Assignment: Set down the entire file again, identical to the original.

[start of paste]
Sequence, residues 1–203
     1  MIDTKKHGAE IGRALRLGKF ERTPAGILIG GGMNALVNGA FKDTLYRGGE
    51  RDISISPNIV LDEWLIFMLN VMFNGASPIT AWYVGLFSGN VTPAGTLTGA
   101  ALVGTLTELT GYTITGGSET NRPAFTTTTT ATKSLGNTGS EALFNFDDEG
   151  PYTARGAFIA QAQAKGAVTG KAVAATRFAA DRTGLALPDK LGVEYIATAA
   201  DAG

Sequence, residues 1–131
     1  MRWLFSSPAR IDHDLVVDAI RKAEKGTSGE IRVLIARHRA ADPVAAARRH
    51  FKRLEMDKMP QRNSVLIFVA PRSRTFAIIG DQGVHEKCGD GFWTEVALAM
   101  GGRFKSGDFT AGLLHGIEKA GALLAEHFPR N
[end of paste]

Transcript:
Sequence, residues 1–203
     1  MIDTKKHGAE IGRALRLGKF ERTPAGILIG GGMNALVNGA FKDTLYRGGE
    51  RDISISPNIV LDEWLIFMLN VMFNGASPIT AWYVGLFSGN VTPAGTLTGA
   101  ALVGTLTELT GYTITGGSET NRPAFTTTTT ATKSLGNTGS EALFNFDDEG
   151  PYTARGAFIA QAQAKGAVTG KAVAATRFAA DRTGLALPDK LGVEYIATAA
   201  DAG

Sequence, residues 1–131
     1  MRWLFSSPAR IDHDLVVDAI RKAEKGTSGE IRVLIARHRA ADPVAAARRH
    51  FKRLEMDKMP QRNSVLIFVA PRSRTFAIIG DQGVHEKCGD GFWTEVALAM
   101  GGRFKSGDFT AGLLHGIEKA GALLAEHFPR N